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There are many different illnesses which affect one’s mental health. We will focus on the ones below as they were the ones which were most commonly mentioned by the participants in our research. If however, you would like further details on any of the below; or any other illnesses, please do visit the NHS website ( or contact us here.



Depression is a prolonged state of sadness and low mood, which tends to develop gradually. There many different forms of depression. Often, you would hear people say, “I feel depressed today”. This, however, isn’t the same as one day of feeling down.

Depression lies on a wide range, where some people could be severely depressed and others suffer from acute depression. Whatever the form, it is vital that help is sought. Try the short self assessment below to see if you might be suffering from depression:

Some symptoms include:

  • continuously feeling sad or being in a low mood
  • Low self-esteem
  • feeling tearful and hopeless
  • easily irritated
  • lack of motivation at work, school or home
  • loss of interest in activities and socialising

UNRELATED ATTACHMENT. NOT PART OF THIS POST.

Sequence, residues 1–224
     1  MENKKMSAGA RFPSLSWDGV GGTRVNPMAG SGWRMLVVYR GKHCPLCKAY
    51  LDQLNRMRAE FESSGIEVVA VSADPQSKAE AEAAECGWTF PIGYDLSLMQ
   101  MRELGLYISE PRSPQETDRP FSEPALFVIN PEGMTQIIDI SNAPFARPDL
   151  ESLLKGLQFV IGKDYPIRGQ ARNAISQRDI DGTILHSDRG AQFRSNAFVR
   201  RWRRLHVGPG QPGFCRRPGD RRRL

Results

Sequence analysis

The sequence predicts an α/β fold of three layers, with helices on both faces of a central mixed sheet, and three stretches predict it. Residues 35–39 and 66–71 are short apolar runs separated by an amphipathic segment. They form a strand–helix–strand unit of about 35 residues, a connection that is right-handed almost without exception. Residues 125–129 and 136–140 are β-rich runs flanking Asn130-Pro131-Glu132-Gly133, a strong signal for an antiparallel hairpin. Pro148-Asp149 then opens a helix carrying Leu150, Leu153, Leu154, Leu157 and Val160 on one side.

• feeling anxious or worried (with or without reason)
  • feeling suicidal
  • have self-harmed or have had thoughts of self harming
  • change in speech and/pr movement (usually slower than normal)
  • Loss/gain in appetite
  • Loss of (or increase in) sexual desire
  • changes to menstrual cycle
  • inability to sleep/difficulty in sleeping through the whole night

Someone may have one or many of these symptoms. It is often difficult for the person themselves to notice they have an illness. Family and friends are usually the first to notice that there is a change in behaviour. The person themselves may in fact attempt to live with those changes, as the development of the symptoms tend to be gradual.

Other types of depression

Postnatal depression is the development of the above symptoms after having a baby.